Petite cream-colored flowers peek above the still surface of a pond. Small white petals are banded with yellow at the center, surrounding a buttery cluster of yellow stamens. The flower has a glossy shine, akin to that of its land-locked buttercup cousins. Look close and you’ll see the flowers are rising from a mat of yellowish-green leaves just below the surface. Water buttercup (Ranunculus aquatilis) is also called whitewater crowfoot, likely because the narrow twiggy leaves look like the bony feet of a bird.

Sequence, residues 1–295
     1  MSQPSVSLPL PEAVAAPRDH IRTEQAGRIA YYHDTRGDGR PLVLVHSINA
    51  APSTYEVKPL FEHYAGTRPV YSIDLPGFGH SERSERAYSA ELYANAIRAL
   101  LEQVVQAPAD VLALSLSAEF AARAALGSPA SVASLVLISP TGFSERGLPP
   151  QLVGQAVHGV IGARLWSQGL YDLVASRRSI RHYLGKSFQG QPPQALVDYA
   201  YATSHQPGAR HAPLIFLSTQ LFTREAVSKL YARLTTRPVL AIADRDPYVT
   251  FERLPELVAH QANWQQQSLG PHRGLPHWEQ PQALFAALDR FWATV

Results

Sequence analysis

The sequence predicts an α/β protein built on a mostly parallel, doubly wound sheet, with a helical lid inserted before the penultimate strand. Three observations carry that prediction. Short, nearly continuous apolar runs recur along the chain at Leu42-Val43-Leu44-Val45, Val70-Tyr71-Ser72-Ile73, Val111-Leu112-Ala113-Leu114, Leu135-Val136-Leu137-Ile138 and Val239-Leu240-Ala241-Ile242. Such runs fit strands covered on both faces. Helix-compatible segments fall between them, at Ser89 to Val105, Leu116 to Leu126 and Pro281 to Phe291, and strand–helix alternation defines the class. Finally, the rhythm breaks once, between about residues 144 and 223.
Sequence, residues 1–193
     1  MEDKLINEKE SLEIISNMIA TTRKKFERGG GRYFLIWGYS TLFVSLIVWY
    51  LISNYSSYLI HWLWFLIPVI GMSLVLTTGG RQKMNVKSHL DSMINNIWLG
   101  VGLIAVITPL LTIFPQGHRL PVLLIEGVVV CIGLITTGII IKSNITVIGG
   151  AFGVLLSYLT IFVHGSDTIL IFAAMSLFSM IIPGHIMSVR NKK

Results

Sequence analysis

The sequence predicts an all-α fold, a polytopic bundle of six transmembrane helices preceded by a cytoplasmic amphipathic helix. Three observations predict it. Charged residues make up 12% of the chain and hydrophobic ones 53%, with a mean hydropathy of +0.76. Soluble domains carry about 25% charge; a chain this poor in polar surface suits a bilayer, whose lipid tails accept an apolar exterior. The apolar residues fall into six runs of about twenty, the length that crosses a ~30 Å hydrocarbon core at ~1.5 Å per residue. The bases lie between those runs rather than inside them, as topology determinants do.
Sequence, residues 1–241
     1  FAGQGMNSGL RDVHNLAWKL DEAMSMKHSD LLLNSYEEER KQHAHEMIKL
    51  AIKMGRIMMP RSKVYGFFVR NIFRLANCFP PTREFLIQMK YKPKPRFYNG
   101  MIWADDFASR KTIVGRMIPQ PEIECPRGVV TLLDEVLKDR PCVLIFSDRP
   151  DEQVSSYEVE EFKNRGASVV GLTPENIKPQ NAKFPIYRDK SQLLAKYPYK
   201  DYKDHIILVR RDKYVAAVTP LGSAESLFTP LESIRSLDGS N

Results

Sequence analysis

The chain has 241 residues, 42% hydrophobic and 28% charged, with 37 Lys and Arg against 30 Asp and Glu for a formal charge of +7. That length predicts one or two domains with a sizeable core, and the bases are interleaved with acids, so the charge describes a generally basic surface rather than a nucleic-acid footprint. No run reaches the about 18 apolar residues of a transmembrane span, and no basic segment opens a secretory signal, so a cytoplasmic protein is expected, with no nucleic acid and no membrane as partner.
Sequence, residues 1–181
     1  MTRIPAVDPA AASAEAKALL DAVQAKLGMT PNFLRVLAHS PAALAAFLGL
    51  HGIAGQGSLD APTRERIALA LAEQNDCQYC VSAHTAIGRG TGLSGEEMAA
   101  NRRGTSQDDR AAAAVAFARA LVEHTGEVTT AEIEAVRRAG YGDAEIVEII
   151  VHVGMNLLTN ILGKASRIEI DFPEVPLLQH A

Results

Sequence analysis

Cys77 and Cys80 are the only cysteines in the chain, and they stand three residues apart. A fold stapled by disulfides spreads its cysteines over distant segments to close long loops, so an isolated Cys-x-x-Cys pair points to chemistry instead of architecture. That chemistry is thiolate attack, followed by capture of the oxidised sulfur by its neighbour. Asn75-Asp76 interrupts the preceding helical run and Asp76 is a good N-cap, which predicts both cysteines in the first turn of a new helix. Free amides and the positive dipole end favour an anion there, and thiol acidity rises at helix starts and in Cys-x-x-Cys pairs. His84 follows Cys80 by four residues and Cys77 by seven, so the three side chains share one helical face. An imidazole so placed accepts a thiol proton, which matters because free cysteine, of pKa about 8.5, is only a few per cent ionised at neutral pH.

You can see this plant all over California and throughout much of the west. The photos shown here were taken in the high Sierra, where a spring had made a small pond in an otherwise very dry landscape of sagebrush and juniper; the seeds must have been deposited by a bird that stopped there for water.